By Helen Chard
Recruitment Consultant, Eden Ritchie Recruitment
INTERVIEWS – either a punishment or a pleasure! Whilst some people thrive and excel at interviews, many of us – including myself would rather just skip this process because we shy away or find it difficult to sell ourselves (much easier to sell ice to Eskimos!).
During my recruitment career I have spent many hours coaching candidates on interview techniques, and yet for some reason it can all fall out the window at the interview stage. Be it the answers fly away, getting tongue tied, our mouths running away or plain and simple – not being able to think of the answers or responses or not being prepared. I would recommend knowing your CV inside and out and how you could apply your experience to any answer and researching some commonly asked interview questions such as:
1. Can you tell me a little about yourself?
This question seems simple but it’s crucial. Think about your career as a synopsis of how you would want someone to describe you in a positive way. Start off with the 2-3 specific accomplishments or experiences that you most want the interviewer to know about, then wrap up talking about how that prior experience has positioned you for this specific role.
2. How did you hear about the position?
A perfect opportunity to stand out and show your passion for and connection to the company. Whatever way you found out about it, the company will want to know, it shows that their marketing team are actually doing their job.
3. What do you know about the company?
Any candidate can read and regurgitate the company’s home page. So, when interviewers ask this, they aren’t necessarily trying to gauge whether you understand the mission—they want to know whether you care about it. Start with one line that shows you understand the company’s goals, using a couple of key words and phrases from the website, but then go on to make it personal. Say, “I’m personally drawn to this area because…” or “I really believe in this approach because…” and share a personal example or two.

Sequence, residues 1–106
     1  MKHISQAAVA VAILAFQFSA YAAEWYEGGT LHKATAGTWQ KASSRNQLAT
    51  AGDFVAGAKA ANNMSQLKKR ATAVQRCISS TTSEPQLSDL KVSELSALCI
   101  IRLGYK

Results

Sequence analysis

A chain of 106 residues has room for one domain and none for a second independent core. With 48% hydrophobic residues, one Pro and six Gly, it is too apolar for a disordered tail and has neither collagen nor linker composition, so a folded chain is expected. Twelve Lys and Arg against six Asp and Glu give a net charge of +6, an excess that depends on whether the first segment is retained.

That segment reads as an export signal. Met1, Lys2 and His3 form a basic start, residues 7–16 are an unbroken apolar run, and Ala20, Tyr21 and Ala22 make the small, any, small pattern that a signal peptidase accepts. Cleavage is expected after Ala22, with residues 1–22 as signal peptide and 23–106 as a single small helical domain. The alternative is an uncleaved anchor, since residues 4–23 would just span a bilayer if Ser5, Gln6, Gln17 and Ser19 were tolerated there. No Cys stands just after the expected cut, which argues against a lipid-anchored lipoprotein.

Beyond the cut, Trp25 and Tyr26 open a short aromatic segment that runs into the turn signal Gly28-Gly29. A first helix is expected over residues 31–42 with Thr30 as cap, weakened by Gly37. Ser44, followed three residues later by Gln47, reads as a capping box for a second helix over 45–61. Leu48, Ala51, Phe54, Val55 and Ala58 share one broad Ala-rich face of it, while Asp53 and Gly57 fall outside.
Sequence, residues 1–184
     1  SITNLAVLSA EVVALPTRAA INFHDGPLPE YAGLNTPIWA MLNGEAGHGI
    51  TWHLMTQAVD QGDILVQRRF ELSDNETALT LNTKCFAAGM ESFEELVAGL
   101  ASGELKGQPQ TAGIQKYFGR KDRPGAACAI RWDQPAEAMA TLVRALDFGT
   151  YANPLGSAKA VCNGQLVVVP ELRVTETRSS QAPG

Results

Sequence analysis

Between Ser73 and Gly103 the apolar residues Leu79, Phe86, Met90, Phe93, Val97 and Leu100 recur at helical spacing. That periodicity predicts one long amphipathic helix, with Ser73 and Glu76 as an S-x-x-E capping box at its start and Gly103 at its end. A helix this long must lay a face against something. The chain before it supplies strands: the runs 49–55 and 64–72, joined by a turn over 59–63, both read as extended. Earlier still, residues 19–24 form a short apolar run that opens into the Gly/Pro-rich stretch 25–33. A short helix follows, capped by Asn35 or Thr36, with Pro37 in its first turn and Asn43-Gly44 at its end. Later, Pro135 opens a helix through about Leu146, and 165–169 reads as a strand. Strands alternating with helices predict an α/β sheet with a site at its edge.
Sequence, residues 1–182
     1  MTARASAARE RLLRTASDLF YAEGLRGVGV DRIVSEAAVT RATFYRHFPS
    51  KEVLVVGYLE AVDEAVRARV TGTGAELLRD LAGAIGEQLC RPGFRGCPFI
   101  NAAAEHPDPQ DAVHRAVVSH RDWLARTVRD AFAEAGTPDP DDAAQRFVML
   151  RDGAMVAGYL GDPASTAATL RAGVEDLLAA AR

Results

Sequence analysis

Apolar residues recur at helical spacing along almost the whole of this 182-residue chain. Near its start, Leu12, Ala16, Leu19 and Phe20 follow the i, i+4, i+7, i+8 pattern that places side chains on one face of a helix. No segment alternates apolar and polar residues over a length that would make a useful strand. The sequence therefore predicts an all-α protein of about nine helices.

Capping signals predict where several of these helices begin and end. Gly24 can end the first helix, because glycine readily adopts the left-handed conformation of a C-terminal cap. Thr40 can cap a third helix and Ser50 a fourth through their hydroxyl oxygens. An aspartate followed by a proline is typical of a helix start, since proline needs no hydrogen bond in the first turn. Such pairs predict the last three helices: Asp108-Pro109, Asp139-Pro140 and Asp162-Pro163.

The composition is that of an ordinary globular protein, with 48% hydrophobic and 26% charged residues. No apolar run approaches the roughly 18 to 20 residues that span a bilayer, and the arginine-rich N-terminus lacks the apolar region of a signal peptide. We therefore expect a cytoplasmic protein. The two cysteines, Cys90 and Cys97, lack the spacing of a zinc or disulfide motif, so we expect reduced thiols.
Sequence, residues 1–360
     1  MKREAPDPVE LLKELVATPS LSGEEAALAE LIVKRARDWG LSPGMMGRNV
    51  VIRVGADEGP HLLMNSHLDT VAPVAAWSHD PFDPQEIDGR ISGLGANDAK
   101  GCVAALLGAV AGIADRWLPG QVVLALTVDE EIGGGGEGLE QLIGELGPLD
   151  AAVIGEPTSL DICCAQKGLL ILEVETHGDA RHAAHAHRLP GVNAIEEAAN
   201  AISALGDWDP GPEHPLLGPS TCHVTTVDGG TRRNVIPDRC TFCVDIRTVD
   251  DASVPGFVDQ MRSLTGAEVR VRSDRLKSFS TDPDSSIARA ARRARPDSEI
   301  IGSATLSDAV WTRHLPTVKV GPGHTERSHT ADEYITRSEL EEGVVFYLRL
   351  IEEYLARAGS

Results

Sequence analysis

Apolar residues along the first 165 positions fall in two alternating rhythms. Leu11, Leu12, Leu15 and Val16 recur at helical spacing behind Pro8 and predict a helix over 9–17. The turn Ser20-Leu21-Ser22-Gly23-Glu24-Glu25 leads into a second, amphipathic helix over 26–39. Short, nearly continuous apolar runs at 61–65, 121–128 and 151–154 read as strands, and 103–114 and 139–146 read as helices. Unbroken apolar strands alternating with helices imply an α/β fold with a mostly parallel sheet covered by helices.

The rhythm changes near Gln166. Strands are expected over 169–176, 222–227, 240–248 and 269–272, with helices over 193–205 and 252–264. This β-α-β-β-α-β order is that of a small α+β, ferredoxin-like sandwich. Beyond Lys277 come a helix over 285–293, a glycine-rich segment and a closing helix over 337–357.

4. Why do you want this job?
Again, companies want to hire people who are passionate about the job, so you should have a great answer about why you want the position. (And if you don’t? You probably should apply elsewhere.) First, identify a couple of key factors that make the role a great fit for you (e.g., “I love customer support because I love the constant human interaction and the satisfaction that comes from helping someone solve a problem”), then share why you love the company (e.g., “I’ve always been passionate about education, and what your mission is, I would like the opportunity to be a part of this”).
5. Why should we hire you?
This interview question seems forward (not to mention intimidating!), but if you’re asked it, you’re in luck: There’s no better setup for you to sell yourself and your skills to the hiring manager. This gives you the opportunity to sell yourself without pressure. Make sure your answers cover the following 3 factors:
- Transferrable skills that enable you to do the role
- That you can deliver great results – examples from previous roles will be required
- Team and culture – previous experiences.
6. What are your professional strengths?
You will need to think about this prior to the interview. What would someone say about you in your previous roles? What and how did you do your job successfully which was memorable and relevant to the role you are being interviewed for – for example, instead of “people skills,” choose “persuasive communication” or “relationship building”. Then, follow up with an example of how you’ve demonstrated these traits in a professional setting.